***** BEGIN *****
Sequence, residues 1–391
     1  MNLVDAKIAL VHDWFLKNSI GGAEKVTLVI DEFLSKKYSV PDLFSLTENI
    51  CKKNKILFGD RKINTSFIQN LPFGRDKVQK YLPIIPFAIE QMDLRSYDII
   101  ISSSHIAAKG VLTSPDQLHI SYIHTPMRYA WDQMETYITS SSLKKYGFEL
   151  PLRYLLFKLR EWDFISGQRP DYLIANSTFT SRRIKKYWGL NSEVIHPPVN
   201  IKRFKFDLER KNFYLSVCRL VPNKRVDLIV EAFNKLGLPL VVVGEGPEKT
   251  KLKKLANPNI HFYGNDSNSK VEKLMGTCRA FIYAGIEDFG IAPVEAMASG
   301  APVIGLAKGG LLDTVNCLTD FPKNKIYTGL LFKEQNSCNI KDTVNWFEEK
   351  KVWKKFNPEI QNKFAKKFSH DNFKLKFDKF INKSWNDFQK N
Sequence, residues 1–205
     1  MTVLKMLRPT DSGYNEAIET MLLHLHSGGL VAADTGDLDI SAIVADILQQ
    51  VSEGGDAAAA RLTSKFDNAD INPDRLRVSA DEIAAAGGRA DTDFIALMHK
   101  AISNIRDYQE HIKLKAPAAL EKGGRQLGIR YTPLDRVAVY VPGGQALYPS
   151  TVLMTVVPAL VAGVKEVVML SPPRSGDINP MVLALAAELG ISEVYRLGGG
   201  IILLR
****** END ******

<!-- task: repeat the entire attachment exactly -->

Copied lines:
Sequence, residues 1–391
     1  MNLVDAKIAL VHDWFLKNSI GGAEKVTLVI DEFLSKKYSV PDLFSLTENI
    51  CKKNKILFGD RKINTSFIQN LPFGRDKVQK YLPIIPFAIE QMDLRSYDII
   101  ISSSHIAAKG VLTSPDQLHI SYIHTPMRYA WDQMETYITS SSLKKYGFEL
   151  PLRYLLFKLR EWDFISGQRP DYLIANSTFT SRRIKKYWGL NSEVIHPPVN
   201  IKRFKFDLER KNFYLSVCRL VPNKRVDLIV EAFNKLGLPL VVVGEGPEKT
   251  KLKKLANPNI HFYGNDSNSK VEKLMGTCRA FIYAGIEDFG IAPVEAMASG
   301  APVIGLAKGG LLDTVNCLTD FPKNKIYTGL LFKEQNSCNI KDTVNWFEEK
   351  KVWKKFNPEI QNKFAKKFSH DNFKLKFDKF INKSWNDFQK N
Sequence, residues 1–205
     1  MTVLKMLRPT DSGYNEAIET MLLHLHSGGL VAADTGDLDI SAIVADILQQ
    51  VSEGGDAAAA RLTSKFDNAD INPDRLRVSA DEIAAAGGRA DTDFIALMHK
   101  AISNIRDYQE HIKLKAPAAL EKGGRQLGIR YTPLDRVAVY VPGGQALYPS
   151  TVLMTVVPAL VAGVKEVVML SPPRSGDINP MVLALAAELG ISEVYRLGGG
   201  IILLR